Hot seat or not, USC's Lane Kiffin is just pre-heating the oven

Stephen Dunn

Not so fast, my friend. Lane Kiffin deserves more time to prove he's the right man for the Trojans.

Rather than wait for columnists to bait readers into blind Internet anger, we at SB Nation believe in setting the curve ourselves and doing so honestly. On Troll Tuesdays , we attempt to construct the most obnoxious column on earth. Today it is time to talk about Lane Kiffin, builder of empires.

There's an old proverb that says good things come to those who wait. Why then are fans so impatient when it comes to crafting football dynasties?

The Coliseum wasn't built in a day. It takes time and vision to execute a plan, and wouldn't you know it, USC head coach Lane Kiffin has plenty of both.

Kiffin is not one of those fly-by-night old coaches you see out there. He's no Bill Snyder, waiting to collect AARP checks at the slightest chance of trouble. He's more like the Wolf from Pulp Fiction, moving quietly and silently around the Chinese checkers board while the rest of college football is playing tiddlywinks.

I hear the folks saying, "Lane Isn't Loyal," (and there's your free bumper sticker idea -- just buy me a Stroh's when you see me over at Jasper's Lounge). But you're plumb missing the point. To win Chinese checkers, you've got to hop around. Kiffin isn't going to back himself into a home corner.

Sure, last season was tough, but you have to give up a couple pieces to execute a trap.

With the landscape of college football changing, Kiffin is still making prestigious bowl games, recruiting his tail off and cutting dead weight. This isn't the scorched-earth policy of the SEC or the aged-cheese process of the Big Ten. This is the Pac-12, where innovation reigns supreme.

Any coach can win once. But true winners come once in a lifetime.

USC's head coach is taking the necessary steps to make the once-proud Trojan program what it used to be. Historic. Vaunted. Feared.

Fall isn't for the Roman Empire. Fall is for football. Bury the past and look toward tomorrow. That's what Kiffin has decided to do.

Take, for instance, the team's 2012 Sun Bowl appearance. Many fans were ready to call it quits with Kiffin for good after what they perceived as a disappointing finish to a promising season. But continued calls into the matter lead me to believe the Sun Bowl recently was in talks to receive an influx of cash from the Mexican pharmaceutical company Questellas, which would make it the highest-paying sponsor of bowl season.

I'm not saying Coach Kiffin knew about these talks and led USC to the Sun Bowl to lay the foundation for the game's meteoric rise in the next 10 years, but I'm not saying he wasn't aware either.

This is just another in a long line of calculated moves that Kiffin has made to shake up the game as we know it:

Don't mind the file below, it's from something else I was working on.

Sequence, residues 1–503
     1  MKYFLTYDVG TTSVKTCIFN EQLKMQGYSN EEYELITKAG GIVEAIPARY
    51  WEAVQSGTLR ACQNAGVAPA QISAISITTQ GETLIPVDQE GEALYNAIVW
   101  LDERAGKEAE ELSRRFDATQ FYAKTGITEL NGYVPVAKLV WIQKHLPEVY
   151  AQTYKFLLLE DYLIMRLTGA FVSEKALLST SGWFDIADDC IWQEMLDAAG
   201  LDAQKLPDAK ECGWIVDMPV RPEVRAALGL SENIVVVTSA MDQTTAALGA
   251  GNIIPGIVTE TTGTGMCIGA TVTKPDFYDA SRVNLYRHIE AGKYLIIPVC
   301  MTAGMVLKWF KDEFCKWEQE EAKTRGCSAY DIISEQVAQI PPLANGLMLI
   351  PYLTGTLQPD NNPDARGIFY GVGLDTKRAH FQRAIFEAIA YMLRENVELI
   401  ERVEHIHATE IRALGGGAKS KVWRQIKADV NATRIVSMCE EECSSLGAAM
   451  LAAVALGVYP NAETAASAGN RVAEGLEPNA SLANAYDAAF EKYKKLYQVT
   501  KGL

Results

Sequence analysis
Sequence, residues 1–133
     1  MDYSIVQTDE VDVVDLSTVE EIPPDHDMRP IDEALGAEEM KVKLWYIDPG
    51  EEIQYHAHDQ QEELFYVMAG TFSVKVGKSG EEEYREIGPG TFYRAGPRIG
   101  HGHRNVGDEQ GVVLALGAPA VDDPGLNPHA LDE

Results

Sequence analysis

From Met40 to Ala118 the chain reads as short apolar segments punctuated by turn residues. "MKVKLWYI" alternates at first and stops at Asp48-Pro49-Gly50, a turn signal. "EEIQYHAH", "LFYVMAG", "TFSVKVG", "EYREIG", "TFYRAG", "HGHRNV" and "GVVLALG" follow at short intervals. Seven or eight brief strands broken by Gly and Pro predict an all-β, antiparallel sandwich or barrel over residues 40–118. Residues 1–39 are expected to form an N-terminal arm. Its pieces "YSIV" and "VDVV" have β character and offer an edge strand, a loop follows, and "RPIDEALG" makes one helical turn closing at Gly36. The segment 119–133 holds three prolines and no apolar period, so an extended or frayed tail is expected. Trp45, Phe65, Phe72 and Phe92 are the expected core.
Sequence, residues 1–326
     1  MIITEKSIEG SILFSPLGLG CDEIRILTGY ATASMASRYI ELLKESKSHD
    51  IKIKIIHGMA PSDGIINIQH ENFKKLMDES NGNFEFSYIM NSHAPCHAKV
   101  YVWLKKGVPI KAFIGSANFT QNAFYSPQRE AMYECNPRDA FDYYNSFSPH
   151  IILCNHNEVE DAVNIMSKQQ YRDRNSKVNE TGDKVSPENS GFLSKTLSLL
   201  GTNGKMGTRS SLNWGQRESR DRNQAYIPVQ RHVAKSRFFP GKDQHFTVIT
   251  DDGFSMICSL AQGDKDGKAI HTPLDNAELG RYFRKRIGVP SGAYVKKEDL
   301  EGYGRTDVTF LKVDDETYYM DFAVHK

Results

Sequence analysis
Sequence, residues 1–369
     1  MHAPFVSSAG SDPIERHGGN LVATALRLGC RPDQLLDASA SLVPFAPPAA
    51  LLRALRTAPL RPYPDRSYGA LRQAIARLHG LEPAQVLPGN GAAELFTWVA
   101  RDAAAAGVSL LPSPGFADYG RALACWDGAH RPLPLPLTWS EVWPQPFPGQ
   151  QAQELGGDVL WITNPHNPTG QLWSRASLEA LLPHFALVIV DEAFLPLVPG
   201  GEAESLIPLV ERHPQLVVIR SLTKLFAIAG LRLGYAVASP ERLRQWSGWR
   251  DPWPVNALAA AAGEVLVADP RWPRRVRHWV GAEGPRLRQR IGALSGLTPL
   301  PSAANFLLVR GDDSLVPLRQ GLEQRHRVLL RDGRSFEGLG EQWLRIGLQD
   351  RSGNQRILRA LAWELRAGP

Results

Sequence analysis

• The internet age is one of short snippets sound bytes and buzzwords. Well, Lane Kiffin was Harlem Shaking long before the Georgia swim team did. He found a way to streamline his interviews down to 30 seconds into YouTube-friendly moments. Some say cutting off reporters, but what's to say that's not just a revolutionary nanointerview? When Steve Spurrier does it next year, the East coast-biased will call him a true gamechanger, but remember who was there first.
  • When the Trojans gave up almost a half-mile of offense to the Oregon Ducks, USC faithful were ready to grab their torches and pitchforks. But who's laughing now? You don't flail aimlessly against a bear. You go limp. That bear, Chip Kelly, was so full of himself and honey he stuck right to the Philadelphia Eagles. Looks like Mr. Kiffin's been brushing up on his Lao Tzu.
  • Recruiting five-year-old kids may seem like a gimmick, but USC's advanced scouting is on a whole other level. The team is working closely with the sociology, astrology and physics departments to develop a computer rendering system that can create predictive models down to .00001 percent as to a child's future. The technology is up for a number of patents and is also believed to be the inspiration for the hit CBS show Person of Interest.
  • Hiring your dad may seem like nepotism, but Lane Kiffin is deeply involved in the community. He knows how important connections and bridging the generational gap is. Rather than ignore the elderly, Lane knows how much our Greatest Generation can truly teach us. Pioneers learn from the past, or they are destined to repeat it.
  • Changing numbers mid-game? Deflating footballs? Cheap tactics to some, but everybody's looking for an edge. While you're focused on Kiffin's ways of gaining a tactical advantages, in this copycat league, he's already moved onto the next big things -- the barking dog technique, thumbtack gloves and go-karts.
  • And you thought the rope-a-dope was just for boxing. Kiffin showed how cerebral he really is, by lulling the media to sleep in telling them he wouldn't vote the Trojans number one and then striking like a coiled cobra with that #1. Play fake, indeed.

My son Charlie used to play a game on the Macintosh called Sim City 2000. In the game he had to build a city from the ground up, deciding everything from power to entertainment. Heck, he even had his very own football stadium.

Thinking about the USC football team makes me think about Charlie sitting in front of that warm glow in the upstairs office. To me, it was just a game, but to Charlie, it was another world. I couldn't understand it, and maybe that's how it was supposed to be.

Lane Kiffin isn't coaching USC for the old fogeys like me. He's coaching for the kids who aren't even born yet. The ones who wouldn't know a football from a foot.

I thought my son was just playing a game, but he was building an empire.

Just like someone else we know. Someone in the heart of Los Angeles.

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